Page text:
Melanoma is a type of skin cancer that develops from the cells that produce pigment in the skin.


What is melanoma?

Melanoma is a type of skin cancer that develops from the cells that produce pigment in the skin, known as melanocytes. Melanoma can occur on any area of the skin, including areas that are not exposed to the sun.


Who's at risk for melanoma?

Individuals who have a history of sunburns, tanning bed use, or a family history of melanoma are at increased risk of developing the disease. Fair-skinned individuals and those with a large number of moles are also at higher risk.


What causes melanoma?

Melanoma is caused by damage to the DNA in melanocytes, typically due to exposure to UV radiation from the sun or tanning beds.


How does melanoma start?

Melanoma typically starts as a new or changing mole on the skin. The mole may be asymmetrical, have an irregular border, be uneven in color, or be larger than 6 millimeters in diameter.


What are the symptoms of melanoma?

Symptoms of melanoma may include:

  • A new or changing mole on the skin
  • An asymmetrical mole
  • An irregularly shaped or border mole
  • A mole with varied color
  • A mole larger than 6 millimeters in diameter
  • Itching or bleeding from a mole


How is melanoma diagnosed?

A healthcare provider may diagnose melanoma based on a physical exam and a biopsy of the suspicious mole.


How can melanoma be treated?

Treatment for melanoma may include:

  • Surgery: This is typically the first-line treatment for melanoma and involves removing the cancerous mole and surrounding tissue.
  • Radiation therapy: This may be recommended in some cases to kill any remaining cancer cells.
  • Chemotherapy: This may be recommended for advanced or metastatic melanoma.
  • Immunotherapy: This may be recommended to help the immune system fight the cancer.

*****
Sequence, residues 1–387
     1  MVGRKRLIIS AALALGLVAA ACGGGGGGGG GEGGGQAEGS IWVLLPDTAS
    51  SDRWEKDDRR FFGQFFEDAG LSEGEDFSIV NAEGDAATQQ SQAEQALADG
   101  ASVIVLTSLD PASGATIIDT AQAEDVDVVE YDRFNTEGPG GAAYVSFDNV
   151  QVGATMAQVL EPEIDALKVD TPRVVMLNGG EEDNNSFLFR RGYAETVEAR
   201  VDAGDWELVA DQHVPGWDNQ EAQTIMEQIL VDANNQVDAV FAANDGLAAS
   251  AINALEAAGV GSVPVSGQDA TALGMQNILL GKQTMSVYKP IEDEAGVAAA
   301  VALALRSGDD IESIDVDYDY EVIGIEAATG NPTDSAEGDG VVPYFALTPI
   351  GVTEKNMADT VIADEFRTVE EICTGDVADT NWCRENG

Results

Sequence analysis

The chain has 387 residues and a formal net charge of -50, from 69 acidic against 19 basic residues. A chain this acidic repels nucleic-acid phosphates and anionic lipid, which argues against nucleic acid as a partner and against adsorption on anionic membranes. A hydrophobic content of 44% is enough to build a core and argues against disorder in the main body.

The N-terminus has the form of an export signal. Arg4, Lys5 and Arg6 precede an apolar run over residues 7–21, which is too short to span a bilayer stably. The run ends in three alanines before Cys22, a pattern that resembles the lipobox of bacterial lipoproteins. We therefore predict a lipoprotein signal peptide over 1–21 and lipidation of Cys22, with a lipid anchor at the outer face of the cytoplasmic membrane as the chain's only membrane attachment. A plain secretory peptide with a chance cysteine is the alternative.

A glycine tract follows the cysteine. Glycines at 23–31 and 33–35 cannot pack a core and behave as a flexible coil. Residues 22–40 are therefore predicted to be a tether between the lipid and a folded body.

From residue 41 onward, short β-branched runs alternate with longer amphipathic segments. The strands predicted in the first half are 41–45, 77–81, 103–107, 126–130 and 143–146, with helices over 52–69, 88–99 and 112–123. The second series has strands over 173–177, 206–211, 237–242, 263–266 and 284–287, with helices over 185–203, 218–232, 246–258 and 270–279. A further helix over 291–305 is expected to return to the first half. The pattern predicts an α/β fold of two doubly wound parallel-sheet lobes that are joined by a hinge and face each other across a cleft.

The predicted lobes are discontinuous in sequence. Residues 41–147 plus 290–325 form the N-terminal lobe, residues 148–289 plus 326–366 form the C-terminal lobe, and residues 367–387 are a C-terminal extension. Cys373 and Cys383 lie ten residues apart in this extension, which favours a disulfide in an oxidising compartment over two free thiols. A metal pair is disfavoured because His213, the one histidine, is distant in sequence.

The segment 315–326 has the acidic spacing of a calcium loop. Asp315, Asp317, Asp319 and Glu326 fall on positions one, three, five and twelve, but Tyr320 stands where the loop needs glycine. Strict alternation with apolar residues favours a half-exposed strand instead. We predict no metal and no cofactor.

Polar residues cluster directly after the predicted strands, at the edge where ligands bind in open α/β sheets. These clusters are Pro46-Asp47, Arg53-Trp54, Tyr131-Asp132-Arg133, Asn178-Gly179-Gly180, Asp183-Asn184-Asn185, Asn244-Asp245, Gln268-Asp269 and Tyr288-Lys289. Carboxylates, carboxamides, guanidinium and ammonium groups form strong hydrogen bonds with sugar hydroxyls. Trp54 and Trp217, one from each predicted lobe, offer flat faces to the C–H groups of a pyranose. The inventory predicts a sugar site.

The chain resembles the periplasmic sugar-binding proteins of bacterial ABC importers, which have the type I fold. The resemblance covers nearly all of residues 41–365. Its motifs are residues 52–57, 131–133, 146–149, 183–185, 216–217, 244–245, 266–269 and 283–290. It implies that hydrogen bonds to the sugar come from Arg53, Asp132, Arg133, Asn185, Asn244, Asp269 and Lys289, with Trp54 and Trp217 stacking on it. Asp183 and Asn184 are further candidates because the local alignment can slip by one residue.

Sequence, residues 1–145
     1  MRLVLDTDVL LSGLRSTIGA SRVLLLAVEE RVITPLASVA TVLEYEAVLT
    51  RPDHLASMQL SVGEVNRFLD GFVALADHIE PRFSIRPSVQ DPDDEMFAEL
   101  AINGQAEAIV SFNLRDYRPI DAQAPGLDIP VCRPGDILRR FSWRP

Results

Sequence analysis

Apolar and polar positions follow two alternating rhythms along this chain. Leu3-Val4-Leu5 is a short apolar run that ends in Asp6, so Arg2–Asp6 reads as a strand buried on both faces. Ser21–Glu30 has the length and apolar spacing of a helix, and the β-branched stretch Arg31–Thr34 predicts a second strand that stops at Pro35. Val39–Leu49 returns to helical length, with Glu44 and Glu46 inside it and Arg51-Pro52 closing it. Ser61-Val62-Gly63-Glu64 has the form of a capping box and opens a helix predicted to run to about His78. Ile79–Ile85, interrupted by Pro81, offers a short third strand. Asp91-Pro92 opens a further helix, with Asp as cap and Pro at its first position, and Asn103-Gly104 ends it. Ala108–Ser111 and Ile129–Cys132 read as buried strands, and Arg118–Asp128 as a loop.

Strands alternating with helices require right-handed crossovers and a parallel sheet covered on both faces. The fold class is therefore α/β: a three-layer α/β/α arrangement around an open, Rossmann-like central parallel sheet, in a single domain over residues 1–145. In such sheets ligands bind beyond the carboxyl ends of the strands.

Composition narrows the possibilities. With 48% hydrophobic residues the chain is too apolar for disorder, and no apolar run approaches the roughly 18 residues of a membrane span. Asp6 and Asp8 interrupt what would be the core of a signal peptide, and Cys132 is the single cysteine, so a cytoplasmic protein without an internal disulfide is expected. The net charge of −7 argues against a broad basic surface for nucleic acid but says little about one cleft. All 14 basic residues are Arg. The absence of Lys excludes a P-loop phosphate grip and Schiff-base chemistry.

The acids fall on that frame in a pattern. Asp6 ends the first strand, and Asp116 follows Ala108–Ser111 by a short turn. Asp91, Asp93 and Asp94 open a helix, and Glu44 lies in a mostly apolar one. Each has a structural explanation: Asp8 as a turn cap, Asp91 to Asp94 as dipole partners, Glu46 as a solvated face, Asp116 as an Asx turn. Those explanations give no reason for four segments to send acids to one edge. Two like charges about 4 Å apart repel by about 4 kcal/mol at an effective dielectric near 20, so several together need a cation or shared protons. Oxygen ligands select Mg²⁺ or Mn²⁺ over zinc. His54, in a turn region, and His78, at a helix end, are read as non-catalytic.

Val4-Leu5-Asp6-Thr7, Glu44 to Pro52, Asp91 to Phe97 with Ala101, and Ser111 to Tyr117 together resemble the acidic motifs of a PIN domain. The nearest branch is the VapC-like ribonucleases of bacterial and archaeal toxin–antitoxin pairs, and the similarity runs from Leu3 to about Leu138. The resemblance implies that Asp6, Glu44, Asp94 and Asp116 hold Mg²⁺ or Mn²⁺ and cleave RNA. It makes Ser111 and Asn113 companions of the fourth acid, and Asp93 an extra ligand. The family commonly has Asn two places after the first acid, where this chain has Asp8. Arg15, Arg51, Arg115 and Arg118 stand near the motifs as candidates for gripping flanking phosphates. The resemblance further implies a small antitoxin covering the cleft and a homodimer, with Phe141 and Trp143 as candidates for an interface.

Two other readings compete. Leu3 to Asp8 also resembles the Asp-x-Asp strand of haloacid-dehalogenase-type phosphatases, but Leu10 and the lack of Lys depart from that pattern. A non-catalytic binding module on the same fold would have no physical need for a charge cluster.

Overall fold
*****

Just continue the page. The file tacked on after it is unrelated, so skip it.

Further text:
What complications may occur with melanoma?

Complications of melanoma may include:

  • Spread to other parts of the body (metastasis)
  • Recurrence of the cancer
  • Skin or tissue damage from surgery or radiation therapy


How can I prevent melanoma?

Preventative measures for melanoma may include:

  • Using sunscreen: Sunscreen should be applied daily with an SPF of 30 or higher and reapplied every two hours.
  • Avoiding tanning beds: Tanning beds are a significant source of UV radiation and increase the risk of melanoma.
  • Wearing protective clothing: Hats, long-sleeved shirts, and sunglasses can help protect against UV radiation.
  • Checking for changes in moles: Regular self-examination of the skin can help detect changes in moles early.


Long-term management of melanoma

Long-term management of melanoma may involve:

  • Regular skin examinations: These are typically recommended to check for any new or changing moles.
  • Monitoring for recurrence or metastasis: Individuals with a history of melanoma may be monitored closely to check for recurrence or spread of the cancer.


What is recent research saying about melanoma?

Recent research on melanoma includes:

  • Researchers are exploring new therapies that target specific genetic mutations in melanoma cells.
  • A recent study found that a blood test may be effective at detecting melanoma in its early stages.
  • Researchers are also exploring the use of immunotherapy to treat melanoma, particularly in combination with other therapies.


Where can I go for more information on melanoma?

The American Cancer Society and the Skin Cancer Foundation are both helpful resources for information on melanoma. It is important to work closely with a healthcare provider for guidance and support in managing melanoma.